With Thanksgiving coming tomorrow, the holiday season is already upon us, and for many that means packing up the Volkswagen and hitting the roads. Enjoy the time you spend with family, the great food and the crisp air. But before you slam the passenger-side door shut on that VW, remind yourself of one thing: don't allow distracted driving to ruin your holidays. According to Distraction.gov, the official U.S. government website for distracted driving, there are three main types of distracted driving: 1) Visual – taking your eyes off the wheel, 2) Manual – taking your hands off the wheel, and 3) Cognitive – taking your mind off what you're doing. When you toy around with your smartphone, you're doing all three.

In Seoul, where I currently live, it seems to be constant problem. Since most streets here contain little or no signage – and in some case no real name – there is an overwhelming reliance on dashboard GPS units, the big, colorful ones with paunchy LCDs. Unfortunately, these have a dual purpose, and most taxi drivers that are accustomed to their neighborhoods spend their shifts watching Korean dramas instead of tracking their movement. It's no wonder that a country so obsessed with technology would have one of the highest accident rates of all advanced economies.

It makes me think of one of my college roommates. The summer before our freshman year he had purchased a Trans-Am. It was fast, and it made the weekend trips back to the Dallas that much more bearable. Apparently, he didn't think it was exciting enough. I remember getting into the passenger seat on a jaunt to the local Walmart when I noticed a crudely constructed frame laying on the ground. I asked him what it was, and he said that he was planning to mount his PSP to the dash so he could watch movies on it as he made the trek down I-35 to Cowtown. I balked. Such ideas sound so stupid to us, yet we're all guilty of paying more attention to those tiny stationary pixels than we are to the reality that's roaring straight at us at 60 miles per hour. Perhaps it's that we're all so used to arriving safely, or perhaps it's just that we're too addicted to our devices to put them down.

Gmail on BlackBerry

For three days in October, the UAE was a safer place to drive. Traffic accidents were down 20% in Dubai and 40% in Abu Dhabi. This sudden and very surprising decrease in traffic accidents coincided with the BlackBerry outage from this past month. You see, unlike in the rest of the world, RIM stillholds substantial weight in the UAE, controlling 44% of the smartphone market share. While the connection between the outage and the decrease in traffic accidents has not be scientifically substantiated, according to police Brigadier General Hussein Al Harethi, "The roads became much safer when BlackBerry stopped working". It seems that the best way to avoid distraction is to remove it entirely.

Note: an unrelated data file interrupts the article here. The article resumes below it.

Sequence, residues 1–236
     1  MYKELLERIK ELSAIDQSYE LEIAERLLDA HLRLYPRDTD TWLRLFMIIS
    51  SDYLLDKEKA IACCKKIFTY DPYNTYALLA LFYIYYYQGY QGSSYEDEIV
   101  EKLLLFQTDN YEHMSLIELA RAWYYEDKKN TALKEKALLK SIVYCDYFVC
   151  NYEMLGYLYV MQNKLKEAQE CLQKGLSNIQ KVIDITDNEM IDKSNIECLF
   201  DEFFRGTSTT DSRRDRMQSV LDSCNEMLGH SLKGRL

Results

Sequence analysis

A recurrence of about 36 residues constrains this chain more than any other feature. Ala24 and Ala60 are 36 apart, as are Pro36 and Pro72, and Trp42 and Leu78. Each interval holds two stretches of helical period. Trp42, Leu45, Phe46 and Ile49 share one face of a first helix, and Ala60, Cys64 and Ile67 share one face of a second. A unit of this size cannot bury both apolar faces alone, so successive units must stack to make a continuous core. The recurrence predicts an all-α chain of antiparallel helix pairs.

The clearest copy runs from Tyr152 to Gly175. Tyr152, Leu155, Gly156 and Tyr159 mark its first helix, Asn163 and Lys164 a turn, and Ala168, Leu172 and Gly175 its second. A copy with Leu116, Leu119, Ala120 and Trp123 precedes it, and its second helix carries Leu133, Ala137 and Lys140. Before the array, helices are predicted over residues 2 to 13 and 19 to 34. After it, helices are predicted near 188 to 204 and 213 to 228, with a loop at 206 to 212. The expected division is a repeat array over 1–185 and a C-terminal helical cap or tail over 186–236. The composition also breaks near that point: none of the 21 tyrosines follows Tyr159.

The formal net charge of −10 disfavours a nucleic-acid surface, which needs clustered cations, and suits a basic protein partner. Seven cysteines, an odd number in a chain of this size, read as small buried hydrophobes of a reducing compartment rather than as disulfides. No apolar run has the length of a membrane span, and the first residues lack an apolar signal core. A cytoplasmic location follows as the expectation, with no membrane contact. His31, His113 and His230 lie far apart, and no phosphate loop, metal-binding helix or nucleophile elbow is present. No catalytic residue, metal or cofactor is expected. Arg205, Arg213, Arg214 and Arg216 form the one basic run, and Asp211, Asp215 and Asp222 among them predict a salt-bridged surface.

Humorous anecdotes aside, driving while distracted (DWD) is a problem that is unnecessarily claiming people's lives. Some rather sobering statistics, taken verbatim from Distraction.gov:

  • Of those killed in distracted-driving-related crashed, 995 involved reports of a cell phone as a distraction (18% of fatalities in distraction-related crashes). (NHTSA)
  • In 2009, 5,474 people were killed in U.S. roadways and an estimated additional 448,000 were injured in motor vehicle crashes that were reported to have involved distracted driving. (FARS and GES)
  • Drivers who use hand-held devices are four times as likely to get into crashes serious enough to injure themselves. (Source: Insurance Institute for Highway Safety)
  • Using a cell phone use while driving, whether it's hand-held or hands-free, delays a driver's reactions as much as having a blood alcohol concentration at the legal limit of .08 percent. (Source: University of Utah)

5,747 killed. 448,000 injured. That's lot of avoidable suffering. Unfortunately, acting responsibly on your own is not enough. As is the case with any form of impaired driving, you also must also rely on the prudence of the drivers you share the road with. If you see a distracted driver, give them a wide berth; if someone you know someone who allows themself to routinely drive distracted, call them on it. You just might be doing someone else down the road the huge favor.

Gadgets are fun. They enrich our lives with entertainment, simplicity and convenience. The problem lies when that enrichment leads to addiction, and when we're unable to keep our eyes off our battery-powered bots and on the road. So next week when you're driving to Grandma's with phantom aromas of turkey teasing your nostrils, do Granny and all of your loved one's a favor, and make it a distraction-free trip.